How to Make a Wire Armature


A wire armature underlies a three-dimensional craft or art piece to help provide shape and support. Armatures reduce bulk and provide visual interest by varying height, depth, position and dimensionality. They are vital when creating large pieces using moist media such as clay, papier mache' or fiberglass, and when creating figures for stop-motion animations. Items with armatures dry more quickly and are easier to transport than if they were solid.

Things You'll Need

  • Chicken wire
  • Craft wire
  • Wire cutters
  • Needle-nose pliers
  • Heavy leather gloves
  • Vise grips
  • Vise
  • 2 1-inch by 1/2-inch wood blocks
  • Power drill, 1/8-inch diameter bit
  • 1/8-inch diameter bolt with wing nut
  • Work base with 1/8-inch diameter hole
  • Clear epoxy

Humanoid Form

  • Don heavy leather work gloves before beginning your armature. Decide what scale you intend to use. Doll armatures are usually 1:12, which means that one inch in your armature's size equals 12 inches in real life. Standard dollhouse figures can be as small as 1:144, according to miniatures artist Nancy Rothrock.

  • Use wire cutters to cut wire twice the total height from head to toe, plus twice the length of the arms, plus twice the width of the shoulders and hips, plus 2 inches of wrap for each part of the body. A 12-inch wire armature with a 2-inch shoulder and hip span, 1-inch neck and head and 3-inch long arms will require about 52 inches of wire to make.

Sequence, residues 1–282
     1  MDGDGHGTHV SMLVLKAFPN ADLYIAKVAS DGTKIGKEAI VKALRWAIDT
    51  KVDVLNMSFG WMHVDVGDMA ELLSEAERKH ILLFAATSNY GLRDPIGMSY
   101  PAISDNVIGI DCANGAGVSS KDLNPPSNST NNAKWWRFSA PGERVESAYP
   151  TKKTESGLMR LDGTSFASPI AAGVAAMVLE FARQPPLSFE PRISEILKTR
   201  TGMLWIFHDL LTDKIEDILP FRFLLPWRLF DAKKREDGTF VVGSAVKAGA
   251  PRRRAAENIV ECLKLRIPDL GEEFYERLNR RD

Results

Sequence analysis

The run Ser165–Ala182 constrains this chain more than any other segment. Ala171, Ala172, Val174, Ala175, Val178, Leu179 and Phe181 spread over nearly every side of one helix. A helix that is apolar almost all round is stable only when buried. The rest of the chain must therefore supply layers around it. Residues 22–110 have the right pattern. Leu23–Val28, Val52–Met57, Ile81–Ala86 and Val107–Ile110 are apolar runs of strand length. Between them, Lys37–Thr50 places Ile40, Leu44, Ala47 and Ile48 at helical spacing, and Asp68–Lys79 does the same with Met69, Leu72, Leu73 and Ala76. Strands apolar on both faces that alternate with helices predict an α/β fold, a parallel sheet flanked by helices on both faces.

• Fold the wire in half with the ends even. Have an assistant hold one end of the wire in a pair of vise grips, or clamp that end of the double wire in a vise if you are working alone. Twist the wire until it is a somewhat tight spiral, by using a second set of vise grips or by attaching one end of the wire to a power drill on low. Cut off the looped end of your twisted wire and any "untwisted" ends. Cut five 3-inch long pieces for arms, legs and head. Cut one 2-inch and 1 three-inch piece for shoulders and hips. Use the smaller piece for female shoulders and male hips. Use the larger piece for male shoulders and female hips.

  • Decide whether your figure is male or female. Open an anatomy text or web page depicting the skeletal system. Note the way the various bones attach. Your armature will need to be able to bend or twist at those points.

  • Bend one of the 3-inch long pieces into a circle with a stem. Wrap the stem around the center point of either a 2-inch long piece of wire (for female shoulders) or a 3-inch piece (for males). Use needle-nose pliers to pull the wire tight and pinch the end down. This prevents anyone getting stuck or scratched.

  • Attach arm pieces to the ends of the shoulders, and legs to the ends of the hip piece. Use the pliers again to pinch the end tight. Connect the arms and shoulders with the hips and legs by wrapping the end of the shoulder or hip wire around the arm or leg to create joints. Secure each joint with a bead of clear epoxy. According to Mark Spess, author of "Secrets of Clay Animation Revealed" and creator of and, this prevents the armature from twisting.


  • Use crumpled newspaper, paper towel rolls, empty tea boxes and other household items to create high and low areas. Cover with chicken wire that has been scrunched together.

  • Place a layer of cotton batting, horsehair or sisal fiber over the chicken wire. Apply clay, papier mache' or plaster until the wire armature and all of its parts are covered.

  • While it is still wet, make any needed adjustments to the scene. Add clay, papier mache or plaster to build an area higher or wider if needed. Paint as desired.

Tips & Warnings

  • Consult an anatomy book before beginning your armature.

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